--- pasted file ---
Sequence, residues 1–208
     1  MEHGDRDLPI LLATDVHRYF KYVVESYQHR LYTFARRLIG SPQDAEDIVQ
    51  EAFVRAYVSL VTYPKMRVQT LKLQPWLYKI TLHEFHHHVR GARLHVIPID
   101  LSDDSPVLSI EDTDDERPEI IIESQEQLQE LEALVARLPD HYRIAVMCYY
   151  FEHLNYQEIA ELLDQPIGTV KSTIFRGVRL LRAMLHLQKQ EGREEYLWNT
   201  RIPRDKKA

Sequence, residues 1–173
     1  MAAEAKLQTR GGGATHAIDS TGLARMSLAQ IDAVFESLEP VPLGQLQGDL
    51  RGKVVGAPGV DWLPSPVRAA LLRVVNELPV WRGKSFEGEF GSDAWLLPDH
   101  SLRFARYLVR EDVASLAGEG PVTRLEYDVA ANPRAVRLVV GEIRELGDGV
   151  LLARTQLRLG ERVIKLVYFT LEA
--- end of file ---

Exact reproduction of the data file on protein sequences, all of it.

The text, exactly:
Sequence, residues 1–208
     1  MEHGDRDLPI LLATDVHRYF KYVVESYQHR LYTFARRLIG SPQDAEDIVQ
    51  EAFVRAYVSL VTYPKMRVQT LKLQPWLYKI TLHEFHHHVR GARLHVIPID
   101  LSDDSPVLSI EDTDDERPEI IIESQEQLQE LEALVARLPD HYRIAVMCYY
   151  FEHLNYQEIA ELLDQPIGTV KSTIFRGVRL LRAMLHLQKQ EGREEYLWNT
   201  RIPRDKKA

Sequence, residues 1–173
     1  MAAEAKLQTR GGGATHAIDS TGLARMSLAQ IDAVFESLEP VPLGQLQGDL
    51  RGKVVGAPGV DWLPSPVRAA LLRVVNELPV WRGKSFEGEF GSDAWLLPDH
   101  SLRFARYLVR EDVASLAGEG PVTRLEYDVA ANPRAVRLVV GEIRELGDGV
   151  LLARTQLRLG ERVIKLVYFT LEA